While food availability is not the main issue for Malaysia, household’s food accessibility remains a great challenge. The situation is aggravated by the recent food price hike [26]. Child hunger indicates the most severe form of food insecurity since adult caregivers are assumed to cut down their own food intake first in order to maintain an adequate food provision for their children [27]. These findings support the results from previous studies in Colombia [28] and Nigeria [29]. Zalilah and Ang [22] however, reported contradicting results in a study conducted among low-income households in Kuala Lumpur, Malaysia [22]. As reported by the authors, the contradicting results were due to underreporting of household food security status by the mothers because of embarrassment. Food insecurity might not necessarily result in poor nutritional status as there were presence of other risk factors such as diet inadequacy, recurrent infections, birth weight and socio-economic status that affected children’s health status directly but were not taken into account in the study.

In this study, a majority of the malnourished children suffered from multiple macronutrients and micronutrients deficiencies. This is consistent with other studies [3032]. When compared with the recommended nutrient intake (RNI) of Malaysia, the dietary intakes of cases were inadequate in energy and vitamin A. Similar finding was reported among malnourished children in Kelantan, Malaysia [14]. It was found that many of the cases had low intake of staple foods especially rice, noodles and bread. The low calorie intake could be due to poor access to food, poor feeding practices and frequent illness. Furthermore, the significantly lower intake of micronutrients reflected poor diet quality among the malnourished children. The cases were found to consume less fruits, green-leafy vegetables, milk and dairy products, but consumed more unhealthy snacks and sweet drinks.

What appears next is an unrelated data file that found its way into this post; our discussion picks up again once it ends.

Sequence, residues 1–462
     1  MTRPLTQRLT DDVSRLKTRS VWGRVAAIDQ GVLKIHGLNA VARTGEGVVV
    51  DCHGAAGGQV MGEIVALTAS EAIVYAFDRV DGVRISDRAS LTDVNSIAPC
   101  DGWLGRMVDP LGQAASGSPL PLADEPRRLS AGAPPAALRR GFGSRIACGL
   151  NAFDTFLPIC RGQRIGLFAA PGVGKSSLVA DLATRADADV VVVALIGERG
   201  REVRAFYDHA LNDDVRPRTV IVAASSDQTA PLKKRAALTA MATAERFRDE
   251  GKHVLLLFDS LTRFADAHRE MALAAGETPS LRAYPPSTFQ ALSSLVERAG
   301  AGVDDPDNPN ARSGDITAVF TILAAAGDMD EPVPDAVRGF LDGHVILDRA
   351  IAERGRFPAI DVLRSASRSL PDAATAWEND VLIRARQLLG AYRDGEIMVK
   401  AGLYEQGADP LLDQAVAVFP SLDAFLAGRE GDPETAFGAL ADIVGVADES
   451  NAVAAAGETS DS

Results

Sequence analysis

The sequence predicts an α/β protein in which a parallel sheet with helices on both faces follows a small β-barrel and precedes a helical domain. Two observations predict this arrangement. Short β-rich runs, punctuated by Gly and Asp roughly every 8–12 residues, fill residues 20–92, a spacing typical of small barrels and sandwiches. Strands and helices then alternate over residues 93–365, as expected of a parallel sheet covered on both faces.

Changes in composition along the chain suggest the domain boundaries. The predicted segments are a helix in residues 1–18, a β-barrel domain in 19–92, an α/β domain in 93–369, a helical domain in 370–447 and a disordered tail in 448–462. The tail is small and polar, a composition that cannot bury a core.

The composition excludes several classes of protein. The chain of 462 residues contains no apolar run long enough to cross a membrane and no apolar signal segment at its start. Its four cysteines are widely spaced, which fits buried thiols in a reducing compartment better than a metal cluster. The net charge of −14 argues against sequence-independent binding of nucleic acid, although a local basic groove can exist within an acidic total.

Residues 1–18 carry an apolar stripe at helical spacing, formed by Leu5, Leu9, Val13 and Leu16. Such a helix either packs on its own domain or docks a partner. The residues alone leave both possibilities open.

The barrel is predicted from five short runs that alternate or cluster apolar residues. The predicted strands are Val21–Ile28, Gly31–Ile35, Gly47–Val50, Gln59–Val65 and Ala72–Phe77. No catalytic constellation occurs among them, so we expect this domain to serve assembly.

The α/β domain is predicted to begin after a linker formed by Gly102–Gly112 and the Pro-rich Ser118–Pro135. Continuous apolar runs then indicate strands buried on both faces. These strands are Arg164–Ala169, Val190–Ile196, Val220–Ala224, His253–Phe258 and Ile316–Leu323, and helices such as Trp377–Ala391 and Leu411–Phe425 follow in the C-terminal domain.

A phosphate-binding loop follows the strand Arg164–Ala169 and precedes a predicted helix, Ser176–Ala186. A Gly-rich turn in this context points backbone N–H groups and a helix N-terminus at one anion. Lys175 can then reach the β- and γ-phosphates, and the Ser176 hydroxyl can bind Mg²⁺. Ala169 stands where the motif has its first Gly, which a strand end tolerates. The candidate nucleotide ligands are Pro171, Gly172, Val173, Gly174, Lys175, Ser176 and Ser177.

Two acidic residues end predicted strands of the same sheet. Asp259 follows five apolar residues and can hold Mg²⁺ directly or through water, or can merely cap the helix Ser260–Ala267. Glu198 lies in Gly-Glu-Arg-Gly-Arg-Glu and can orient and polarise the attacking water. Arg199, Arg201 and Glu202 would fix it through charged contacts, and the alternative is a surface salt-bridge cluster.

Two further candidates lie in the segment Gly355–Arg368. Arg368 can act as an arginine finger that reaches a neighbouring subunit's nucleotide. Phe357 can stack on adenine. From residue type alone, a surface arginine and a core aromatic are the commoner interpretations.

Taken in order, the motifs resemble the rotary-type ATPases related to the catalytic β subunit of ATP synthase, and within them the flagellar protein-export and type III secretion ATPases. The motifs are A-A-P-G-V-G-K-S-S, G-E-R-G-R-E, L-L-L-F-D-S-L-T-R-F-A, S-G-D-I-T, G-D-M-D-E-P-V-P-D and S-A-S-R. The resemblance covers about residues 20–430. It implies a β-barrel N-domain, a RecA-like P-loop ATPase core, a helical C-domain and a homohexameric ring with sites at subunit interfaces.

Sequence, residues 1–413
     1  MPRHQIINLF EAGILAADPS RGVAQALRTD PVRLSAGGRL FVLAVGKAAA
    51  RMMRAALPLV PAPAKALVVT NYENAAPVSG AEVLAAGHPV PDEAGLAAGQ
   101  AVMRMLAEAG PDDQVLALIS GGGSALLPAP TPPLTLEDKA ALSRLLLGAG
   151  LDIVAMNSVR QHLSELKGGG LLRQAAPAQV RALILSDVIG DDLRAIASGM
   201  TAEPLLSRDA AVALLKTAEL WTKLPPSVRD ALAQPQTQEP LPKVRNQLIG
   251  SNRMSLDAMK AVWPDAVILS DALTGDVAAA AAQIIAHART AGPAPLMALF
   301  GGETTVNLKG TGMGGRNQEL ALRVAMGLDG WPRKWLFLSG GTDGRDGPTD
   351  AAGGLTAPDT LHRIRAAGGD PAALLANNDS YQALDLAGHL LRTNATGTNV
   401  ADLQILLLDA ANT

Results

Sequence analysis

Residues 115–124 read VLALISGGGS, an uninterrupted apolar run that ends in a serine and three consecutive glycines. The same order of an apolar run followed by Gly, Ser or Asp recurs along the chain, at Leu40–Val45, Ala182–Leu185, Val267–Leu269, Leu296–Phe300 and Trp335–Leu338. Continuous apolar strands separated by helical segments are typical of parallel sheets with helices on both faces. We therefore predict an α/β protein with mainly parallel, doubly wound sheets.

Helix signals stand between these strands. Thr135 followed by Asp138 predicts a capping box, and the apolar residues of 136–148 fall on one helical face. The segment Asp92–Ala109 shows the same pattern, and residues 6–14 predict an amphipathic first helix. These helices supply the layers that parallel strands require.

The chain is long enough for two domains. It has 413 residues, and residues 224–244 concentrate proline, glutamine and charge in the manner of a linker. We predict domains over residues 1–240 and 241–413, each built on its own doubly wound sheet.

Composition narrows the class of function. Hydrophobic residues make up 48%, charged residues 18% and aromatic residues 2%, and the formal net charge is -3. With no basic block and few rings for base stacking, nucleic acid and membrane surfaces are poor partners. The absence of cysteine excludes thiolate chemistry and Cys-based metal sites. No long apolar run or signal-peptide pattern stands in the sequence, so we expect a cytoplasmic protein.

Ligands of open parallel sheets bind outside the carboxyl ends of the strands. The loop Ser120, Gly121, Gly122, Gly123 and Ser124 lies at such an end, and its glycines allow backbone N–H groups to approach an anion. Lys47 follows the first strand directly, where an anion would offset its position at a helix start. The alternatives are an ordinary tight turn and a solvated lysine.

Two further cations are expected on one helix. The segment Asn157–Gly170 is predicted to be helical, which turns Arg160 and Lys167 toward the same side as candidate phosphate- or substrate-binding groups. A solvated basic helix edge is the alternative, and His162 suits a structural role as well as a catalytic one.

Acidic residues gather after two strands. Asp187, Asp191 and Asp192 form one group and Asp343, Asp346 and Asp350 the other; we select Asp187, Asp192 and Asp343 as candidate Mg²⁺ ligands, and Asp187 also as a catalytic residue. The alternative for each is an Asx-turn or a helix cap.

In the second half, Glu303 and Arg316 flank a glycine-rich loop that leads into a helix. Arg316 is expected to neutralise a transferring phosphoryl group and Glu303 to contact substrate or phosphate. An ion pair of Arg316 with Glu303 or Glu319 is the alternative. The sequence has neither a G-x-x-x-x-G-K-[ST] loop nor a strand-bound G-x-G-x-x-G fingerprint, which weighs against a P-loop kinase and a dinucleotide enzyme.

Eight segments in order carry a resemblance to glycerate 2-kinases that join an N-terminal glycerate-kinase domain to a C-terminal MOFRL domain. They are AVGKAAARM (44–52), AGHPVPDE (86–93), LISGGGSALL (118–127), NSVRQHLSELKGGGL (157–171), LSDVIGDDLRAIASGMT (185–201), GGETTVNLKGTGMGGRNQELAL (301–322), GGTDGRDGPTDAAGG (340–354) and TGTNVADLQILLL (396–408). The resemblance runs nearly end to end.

In addition, having more children was shown to be a significant predictor for childhood malnutrition even after adjustment for other confounders in the multivariate analyses. A similar finding was reported in studies in Malaysia [33], Pakistan [34] and Vietnam [35]. The increased number of children in families placed a heavy burden on the scarce household resources, particularly on financial and food; it also reduced the time and quality of care received by the children [36].

This study demonstrated that frequent illness and infections were important determinants for child malnutrition. These results are consistent with other studies in Laos, Nicaragua and Vietnam [3739]. A previous study in Malaysia, however, did not find any associations between children stunting, wasting and underweight with children frequency of illness [14]. In addition, worm infection was also significantly associated with children’s nutritional status. During data collection, it was observed that some of the mothers allowed their children to walk or play barefooted at the playground. Okyay et al. suggested that low socio-economic status, poor sanitation and low maternal education were among the factors facilitating worm transmission among children [40]. In accordance with other studies [14, 37, 41, 42], low birth weight was found to be a risk factor of child malnutrition. Similarly, neonatal weight and length were found to be the strongest determinant of children’s weight and height status in a study conducted in the rural areas of Indonesia [43].